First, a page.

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Morgan Centre for Research into Everyday Lives

Do genes matter?

Families and donor conception

Public debate

  • Thursday, 22 May 2014
  • Location: University College London
  • Speakers: Natalie Gamble (Natalie Gamble Associates and Brilliant Beginnings), Anneke Lucassen (University of Southampton), Carol Smart (Morgan Centre, The University of Manchester), Erika Tranfield (Pride Angel) and Chair: Walter Merricks (Donor Conception Network)

Summary

More than 35,000 children have been born in the UK as a result of donor conception since 1991. Since then, our knowledge of genetics has increased substantially, with the advent of whole genome sequencing and a better grasp of the genetic factors that can predispose people to certain medical conditions. But beyond our physical health, what does our improved understanding of genetics mean for our understanding of family?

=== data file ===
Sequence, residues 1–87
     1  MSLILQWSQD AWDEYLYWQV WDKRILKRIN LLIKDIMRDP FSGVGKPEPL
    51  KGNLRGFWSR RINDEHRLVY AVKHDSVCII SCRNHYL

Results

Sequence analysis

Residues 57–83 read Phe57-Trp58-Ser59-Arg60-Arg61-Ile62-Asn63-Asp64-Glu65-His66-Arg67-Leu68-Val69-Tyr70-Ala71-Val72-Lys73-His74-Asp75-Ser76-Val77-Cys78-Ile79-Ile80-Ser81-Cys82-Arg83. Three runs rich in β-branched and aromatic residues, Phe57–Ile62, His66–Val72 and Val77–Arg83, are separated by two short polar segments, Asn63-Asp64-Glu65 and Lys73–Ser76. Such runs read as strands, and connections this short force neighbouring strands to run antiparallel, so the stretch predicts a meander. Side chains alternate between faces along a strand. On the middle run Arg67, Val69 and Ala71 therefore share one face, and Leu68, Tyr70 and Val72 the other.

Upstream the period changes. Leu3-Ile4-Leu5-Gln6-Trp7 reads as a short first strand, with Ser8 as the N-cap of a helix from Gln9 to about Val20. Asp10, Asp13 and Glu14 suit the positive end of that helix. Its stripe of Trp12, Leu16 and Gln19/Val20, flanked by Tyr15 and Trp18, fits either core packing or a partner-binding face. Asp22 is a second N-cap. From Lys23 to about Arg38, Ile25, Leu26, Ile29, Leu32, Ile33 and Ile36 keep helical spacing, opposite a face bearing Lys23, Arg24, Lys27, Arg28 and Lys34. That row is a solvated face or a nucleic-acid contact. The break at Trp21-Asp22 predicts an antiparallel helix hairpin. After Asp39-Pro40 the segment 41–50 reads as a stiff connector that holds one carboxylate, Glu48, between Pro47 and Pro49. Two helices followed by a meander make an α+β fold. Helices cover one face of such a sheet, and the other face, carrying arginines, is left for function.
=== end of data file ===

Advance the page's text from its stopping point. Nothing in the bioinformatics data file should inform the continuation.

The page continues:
• What does it mean to have a child through donor conception?
  • What is donor conception like for the 'non-genetic' parent(s)?
  • How do grandparents feel about having a grandchild who is conceived with the help of an egg, sperm or embryo donor?
  • What is the role of the internet in finding donors or connecting with half-siblings?
  • How many parents can a child have?

This event explored family, kinship, gender, sexuality, assisted conception and genetics from contrasting perspectives. It was hosted jointly by the Morgan Centre and the Progress Educational Trust.